Pompeo says 'we don't know when, we don't know where' Soleimani had planned 'imminent attacks'

Secretary of State Mike PompeoMichael (Mike) Richard PompeoHillicon Valley: Facebook considers political ad ban | Senators raise concerns over civil rights audit | Amazon reverses on telling workers to delete TikTok Amazon backtracks, says email asking employees to delete TikTok was sent in error Amazon asks employees to delete TikTok from mobile devices: report MORE told Laura IngrahamLaura Anne IngrahamThe Hill's 12:30 Report - Presented by Facebook- Schools weigh reopening options Trump's July 4 weekend comes with COVID-19 backdrop Trump dings CNN, 'Morning Joe' ratings as Tucker Carlson sets record MORE in a sit-down interview Thursday night that while the U.S. did not know where or when Iranian Gen. Qassem Soleimani was planning to attack, it was a "real" threat to U.S. assets in the Middle East. 

The U.S. killed Soleimani in a drone strike last week ordered by President TrumpDonald John TrumpDemocrats blast Trump for commuting Roger Stone: 'The most corrupt president in history' Trump confirms 2018 US cyberattack on Russian troll farm Trump tweets his support for Goya Foods amid boycott MORE that has further inflamed U.S.-Iran tensions.

"There is no doubt that there were a series of imminent attacks being plotted by Qassem Soleimani," Pompeo told the Fox News host. "We don't know precisely when and we don't know precisely where, but it was real."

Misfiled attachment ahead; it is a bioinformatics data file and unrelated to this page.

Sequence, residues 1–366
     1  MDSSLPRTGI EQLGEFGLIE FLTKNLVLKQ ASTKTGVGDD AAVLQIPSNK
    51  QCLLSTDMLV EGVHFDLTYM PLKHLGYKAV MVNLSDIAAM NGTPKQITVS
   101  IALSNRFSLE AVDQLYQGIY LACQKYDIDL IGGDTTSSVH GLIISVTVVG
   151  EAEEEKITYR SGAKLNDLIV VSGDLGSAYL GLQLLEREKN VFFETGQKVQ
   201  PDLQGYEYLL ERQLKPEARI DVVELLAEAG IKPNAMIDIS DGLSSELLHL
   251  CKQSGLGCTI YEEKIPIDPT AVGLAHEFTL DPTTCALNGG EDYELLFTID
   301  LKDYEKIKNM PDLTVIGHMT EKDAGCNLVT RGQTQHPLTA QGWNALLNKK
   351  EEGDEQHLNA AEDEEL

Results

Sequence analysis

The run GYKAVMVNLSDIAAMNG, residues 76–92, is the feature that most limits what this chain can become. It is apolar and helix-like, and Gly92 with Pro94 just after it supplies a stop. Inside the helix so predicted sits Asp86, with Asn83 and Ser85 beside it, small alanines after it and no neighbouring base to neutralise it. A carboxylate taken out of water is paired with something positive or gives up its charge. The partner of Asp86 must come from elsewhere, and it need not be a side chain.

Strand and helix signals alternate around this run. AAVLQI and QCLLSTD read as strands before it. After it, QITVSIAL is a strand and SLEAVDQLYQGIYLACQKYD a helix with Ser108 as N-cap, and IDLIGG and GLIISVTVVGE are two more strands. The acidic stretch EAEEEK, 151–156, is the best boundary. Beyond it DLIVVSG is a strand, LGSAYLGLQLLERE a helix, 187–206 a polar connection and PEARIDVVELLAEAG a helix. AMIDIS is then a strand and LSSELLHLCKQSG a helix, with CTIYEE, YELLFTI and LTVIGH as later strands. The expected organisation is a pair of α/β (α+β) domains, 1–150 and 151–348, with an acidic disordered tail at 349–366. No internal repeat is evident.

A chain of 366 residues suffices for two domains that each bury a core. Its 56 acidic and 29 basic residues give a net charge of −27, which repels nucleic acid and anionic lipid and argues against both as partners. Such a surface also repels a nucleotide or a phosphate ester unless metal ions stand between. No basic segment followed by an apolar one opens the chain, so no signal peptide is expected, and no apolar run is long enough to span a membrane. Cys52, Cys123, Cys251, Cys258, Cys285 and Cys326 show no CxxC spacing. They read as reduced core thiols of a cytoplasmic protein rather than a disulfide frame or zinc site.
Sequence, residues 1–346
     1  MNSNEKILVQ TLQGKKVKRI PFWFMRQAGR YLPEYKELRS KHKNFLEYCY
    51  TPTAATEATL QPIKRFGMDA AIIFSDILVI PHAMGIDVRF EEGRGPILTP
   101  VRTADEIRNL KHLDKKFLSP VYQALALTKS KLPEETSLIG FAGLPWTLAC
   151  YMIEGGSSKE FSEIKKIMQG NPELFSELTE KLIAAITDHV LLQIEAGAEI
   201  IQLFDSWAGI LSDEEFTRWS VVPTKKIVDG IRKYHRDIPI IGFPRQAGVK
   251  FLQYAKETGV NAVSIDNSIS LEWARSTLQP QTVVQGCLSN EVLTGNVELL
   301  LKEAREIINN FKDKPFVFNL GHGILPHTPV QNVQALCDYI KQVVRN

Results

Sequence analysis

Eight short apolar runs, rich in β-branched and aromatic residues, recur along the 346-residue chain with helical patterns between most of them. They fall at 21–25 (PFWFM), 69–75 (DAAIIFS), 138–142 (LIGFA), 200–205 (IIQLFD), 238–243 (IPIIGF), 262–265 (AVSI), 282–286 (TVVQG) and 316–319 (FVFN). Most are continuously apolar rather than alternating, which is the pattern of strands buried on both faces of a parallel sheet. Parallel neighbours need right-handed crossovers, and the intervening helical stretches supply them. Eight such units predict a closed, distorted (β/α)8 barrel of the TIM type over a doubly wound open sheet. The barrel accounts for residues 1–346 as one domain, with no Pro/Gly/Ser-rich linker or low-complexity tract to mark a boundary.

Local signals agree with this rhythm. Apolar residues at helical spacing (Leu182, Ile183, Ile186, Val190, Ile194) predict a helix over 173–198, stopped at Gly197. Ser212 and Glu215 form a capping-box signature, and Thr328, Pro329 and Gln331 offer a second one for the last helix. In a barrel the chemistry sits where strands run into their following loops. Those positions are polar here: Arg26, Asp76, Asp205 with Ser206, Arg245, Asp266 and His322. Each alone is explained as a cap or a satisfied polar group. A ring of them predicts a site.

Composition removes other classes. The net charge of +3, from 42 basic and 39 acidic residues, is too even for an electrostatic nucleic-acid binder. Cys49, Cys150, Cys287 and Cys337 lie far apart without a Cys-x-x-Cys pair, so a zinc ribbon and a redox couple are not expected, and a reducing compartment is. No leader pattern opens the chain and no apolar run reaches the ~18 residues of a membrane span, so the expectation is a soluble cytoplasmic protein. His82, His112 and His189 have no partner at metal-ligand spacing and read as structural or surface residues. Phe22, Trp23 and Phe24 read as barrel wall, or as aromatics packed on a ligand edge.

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Iran promised a proportional retaliation after the strike killing Soleimani, and on Tuesday it launched a missile strike on two Iraqi bases that house U.S. troops. No American casualties were sustained.

While most Republicans have backed Trump's decision to authorize the strike on Soleimani, Democrats have criticized the administration, and two Republicans — Sens. Mike LeeMichael (Mike) Shumway LeeKoch-backed group urges Senate to oppose 'bailouts' of states in new ads Gianforte halts in-person campaigning after wife, running mate attend event with Guilfoyle Sunday shows preview: Lawmakers to address alarming spike in coronavirus cases MORE (Utah) and Rand PaulRandal (Rand) Howard PaulKoch-backed group urges Senate to oppose 'bailouts' of states in new ads How conservative conspiracy theories are deepening America's political divide Gianforte halts in-person campaigning after wife, running mate attend event with Guilfoyle MORE (Ky.) — complained a briefing this week explaining the intelligence behind the strike was insulting. The two conservatives senators are normally staunch supporters of Trump, though they are also leery of U.S. involvement in military action in the Middle East.

In his interview with Ingraham, Pompeo, who was one of the congressional briefers, defended the briefing.

"I thought we did a dynamite job," Pompeo said. "We did our level best to do present them with all the facts that we could in that setting," he said, adding, "We shared an awful lot with them yesterday."

On Thursday, with a vote of 224-194, the House passed a war powers resolution that would direct the president to end military hostilities with Iran unless Congress specifically authorizes it or the United States faces an “imminent armed attack.”